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Closures are one of those things that take you a little time to realize why they're good, but once you've seen them you just love them. For me the best bit of closures is working with resources, whether that's files, databases, message brokers. I only really realized this when we started implementing closures, with IO. Doing something as trivial as loading a file, and processing it line by line and making sure you close the file properly if an exception occurs is surprisingly hard to do with one resource.

If you're reading from a file, and writing from a file, and maybe doing something else as well, that's really, really hard. And very few developers are capable of writing the correct try-catch to work with two resources maybe even three. It took me lots of goes just to read a goddamn file properly. Even just the little subtle differences that... you want to throw a close exception if you finish processing, without throwing an exception at that point, but if you finish processing and you've got an error halfway through you want to throw that exception and catch the close. So even just handling close properly on a file is hard.

Closures is a nice little trick from many languages, lisp, smalltalk, squeak and ruby that basically allows you to delegate the processing of collections or resources to a container object, and it calls you back for doing the trivial thing, like processing an object. It makes a massive difference especially in J2EE world, working with databases and closures is a dream. It is interesting the spring project has basically handwritten inner classes to mimic closures, which kind of works, but you end up with millions of these little interfaces which just have one method in, and you just think its... I mean it's a good solution for Java, but we could do a lot better. So closures are huge. To be honest it would be quite easy to add closures to Java, C# has done it with C#2, they've called them delegates. They're a little bit noisier than closures should be...

Operator overloading, anybody from a C++ background tends to get worried when that phrase is mentioned in mixed public. Just because it was the cause of so much issue and tension and bugs. If done correctly and safely, there is no reason why operator overloading can't work nicely, even if that just means arrays and Collections kind of feel the same in the language. Why should an array get a subscript operator, but a Map and a collection doesn't, it's kind of not fair. It's just about being a bit more fair, with the language.

Static and dynamic typing, this is a good pub debate, have a few beers and talk about doing static this and doing that in typing. If you like there are scripty people and anal static typer people.

"So which side are you on?"

I play both sides, I play for both teams. Static typing is great for systems programming languages, it's great for refactoring, it's great for IDE support and so on and so forth. However, just as you'll know with VisualAge and stuff, IDEs can, the first refactoring browser was smalltalk. There's that python refactoring... we met the guy in the pub the other day. You can do refactoring browsers and IDEs totally in dynamic languages, but modern java IDEs are just so good, that even if you just use static typing as extra metadata to make the IDE do great things for you. Due to the IDE kick it gives you I do quite like static typing quite frankly. But then there are sometimes when you just want to hack up a little script, and you just want the typing to get out of your face, and you just want to do something. Dynamic typing is great for verbose concise scripts.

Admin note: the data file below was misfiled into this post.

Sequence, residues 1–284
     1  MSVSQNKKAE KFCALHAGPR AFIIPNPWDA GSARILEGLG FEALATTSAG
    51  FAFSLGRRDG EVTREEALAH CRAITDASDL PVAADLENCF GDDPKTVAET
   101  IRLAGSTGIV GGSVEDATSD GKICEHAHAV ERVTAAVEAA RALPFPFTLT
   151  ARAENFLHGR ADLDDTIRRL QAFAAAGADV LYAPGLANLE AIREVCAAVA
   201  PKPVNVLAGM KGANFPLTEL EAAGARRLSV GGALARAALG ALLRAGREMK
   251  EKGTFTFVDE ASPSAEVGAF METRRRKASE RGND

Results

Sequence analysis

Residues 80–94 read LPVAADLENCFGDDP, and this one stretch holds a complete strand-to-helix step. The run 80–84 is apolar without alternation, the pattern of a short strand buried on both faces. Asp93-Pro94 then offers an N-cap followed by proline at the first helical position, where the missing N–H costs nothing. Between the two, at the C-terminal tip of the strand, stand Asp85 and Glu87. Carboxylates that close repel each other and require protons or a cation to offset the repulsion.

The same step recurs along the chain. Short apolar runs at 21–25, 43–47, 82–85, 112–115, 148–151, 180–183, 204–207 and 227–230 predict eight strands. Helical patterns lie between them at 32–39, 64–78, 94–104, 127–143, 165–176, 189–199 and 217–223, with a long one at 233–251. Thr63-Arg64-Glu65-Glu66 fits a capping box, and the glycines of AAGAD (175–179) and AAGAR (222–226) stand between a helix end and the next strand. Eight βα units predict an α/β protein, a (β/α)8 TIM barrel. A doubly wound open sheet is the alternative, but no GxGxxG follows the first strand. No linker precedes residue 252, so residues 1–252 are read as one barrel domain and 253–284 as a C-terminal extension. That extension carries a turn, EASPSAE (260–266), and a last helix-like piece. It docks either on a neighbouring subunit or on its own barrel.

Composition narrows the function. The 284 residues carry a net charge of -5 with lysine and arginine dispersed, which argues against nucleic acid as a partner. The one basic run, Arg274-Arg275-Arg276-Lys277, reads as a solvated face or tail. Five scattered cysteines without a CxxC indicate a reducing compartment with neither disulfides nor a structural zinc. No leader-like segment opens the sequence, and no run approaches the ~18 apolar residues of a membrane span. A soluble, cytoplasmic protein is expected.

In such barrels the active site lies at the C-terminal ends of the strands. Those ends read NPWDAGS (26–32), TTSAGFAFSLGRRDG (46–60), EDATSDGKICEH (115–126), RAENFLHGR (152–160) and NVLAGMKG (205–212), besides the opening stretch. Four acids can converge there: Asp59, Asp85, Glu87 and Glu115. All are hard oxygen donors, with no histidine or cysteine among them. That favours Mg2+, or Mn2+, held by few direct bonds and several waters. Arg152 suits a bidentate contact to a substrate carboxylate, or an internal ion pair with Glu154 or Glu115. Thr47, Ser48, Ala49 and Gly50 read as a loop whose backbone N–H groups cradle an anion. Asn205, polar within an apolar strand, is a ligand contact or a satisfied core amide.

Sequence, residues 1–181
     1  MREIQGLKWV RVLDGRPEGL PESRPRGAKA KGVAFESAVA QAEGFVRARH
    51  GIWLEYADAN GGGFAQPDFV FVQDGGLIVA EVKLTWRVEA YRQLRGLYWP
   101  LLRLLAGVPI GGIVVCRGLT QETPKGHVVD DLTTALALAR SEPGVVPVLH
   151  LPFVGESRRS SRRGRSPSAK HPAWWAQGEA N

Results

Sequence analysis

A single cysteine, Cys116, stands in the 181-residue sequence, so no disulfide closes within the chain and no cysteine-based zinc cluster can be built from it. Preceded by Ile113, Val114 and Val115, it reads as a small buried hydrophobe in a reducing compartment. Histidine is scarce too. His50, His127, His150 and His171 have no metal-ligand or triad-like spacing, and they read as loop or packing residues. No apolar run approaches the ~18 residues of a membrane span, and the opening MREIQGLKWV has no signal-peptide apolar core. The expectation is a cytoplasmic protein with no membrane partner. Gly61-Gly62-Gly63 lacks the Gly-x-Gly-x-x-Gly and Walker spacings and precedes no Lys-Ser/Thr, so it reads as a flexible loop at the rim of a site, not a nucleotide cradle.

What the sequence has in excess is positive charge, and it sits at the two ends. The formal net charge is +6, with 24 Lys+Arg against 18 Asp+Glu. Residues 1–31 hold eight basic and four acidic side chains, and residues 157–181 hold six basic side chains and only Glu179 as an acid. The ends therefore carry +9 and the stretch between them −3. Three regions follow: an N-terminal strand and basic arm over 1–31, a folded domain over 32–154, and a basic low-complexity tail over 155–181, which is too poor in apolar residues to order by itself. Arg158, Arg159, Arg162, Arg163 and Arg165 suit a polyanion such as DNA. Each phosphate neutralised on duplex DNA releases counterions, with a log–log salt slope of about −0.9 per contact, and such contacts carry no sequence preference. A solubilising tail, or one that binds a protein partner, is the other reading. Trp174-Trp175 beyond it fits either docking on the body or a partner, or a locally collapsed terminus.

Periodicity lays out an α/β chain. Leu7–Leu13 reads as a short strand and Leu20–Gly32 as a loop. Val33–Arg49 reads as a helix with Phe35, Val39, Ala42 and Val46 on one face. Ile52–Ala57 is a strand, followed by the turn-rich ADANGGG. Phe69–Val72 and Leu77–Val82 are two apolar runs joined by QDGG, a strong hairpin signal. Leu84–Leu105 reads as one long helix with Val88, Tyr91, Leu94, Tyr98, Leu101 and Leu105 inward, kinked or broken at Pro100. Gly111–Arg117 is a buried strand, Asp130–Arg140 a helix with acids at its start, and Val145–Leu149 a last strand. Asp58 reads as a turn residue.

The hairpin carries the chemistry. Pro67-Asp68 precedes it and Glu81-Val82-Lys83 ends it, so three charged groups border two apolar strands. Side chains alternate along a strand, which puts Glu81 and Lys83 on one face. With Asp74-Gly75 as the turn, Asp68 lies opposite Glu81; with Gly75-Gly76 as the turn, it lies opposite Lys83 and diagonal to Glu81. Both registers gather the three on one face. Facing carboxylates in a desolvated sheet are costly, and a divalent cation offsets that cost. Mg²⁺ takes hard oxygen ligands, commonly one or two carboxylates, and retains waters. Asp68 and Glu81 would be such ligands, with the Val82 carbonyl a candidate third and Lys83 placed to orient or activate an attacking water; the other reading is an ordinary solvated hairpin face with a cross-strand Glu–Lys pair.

There are also times when you're doing very dynamic things, with more and more networked and message oriented and web service oriented and all this kind of stuff, static typing doesn't really make any sense in those kind of dynamic worlds. For example if I'm processing a SOAP BLOB casting these things to specific types and walking a big object tree is pointless, because everything's getting increasingly dynamic and message oriented. So static typing has lots of value in infrastructure but increasingly in duct tape code there's little value.

I think both have got pros and cons, and it kind of depends what you're writing. If you're writing a library or a framework, static typing is good for refactoring. If you just want a little script to do something, you probably don't really care about static typing. I think there is a middle ground as well, where the language should be clever enough detecting static typing, under the covers, so it looks dynamically typed, but it kind of figures stuff out for you. If you say x = "foo" it should always know that x is always a goddamn String, unless you assign it to something else.

The idea behind Groovy was always to do both, to have static typing and dynamic typing. From an implementation perspective it was really easy to do everything dynamic to start with and actually never get around to doing anything static. But the idea was always that you could put type metadata there, that's mainly so an IDE can do something cool or whatever. One of the first reasons to put any static typing in was... The world's not going to all of a sudden one day turn Groovy and throw all the Java code away, so it's always going to be a partner in the Java platform. And so anything you write in Groovy you want to be able to give it as bytecode to a Java guy, and in Java land things have types, if everything is an Object, it's pretty hard to use.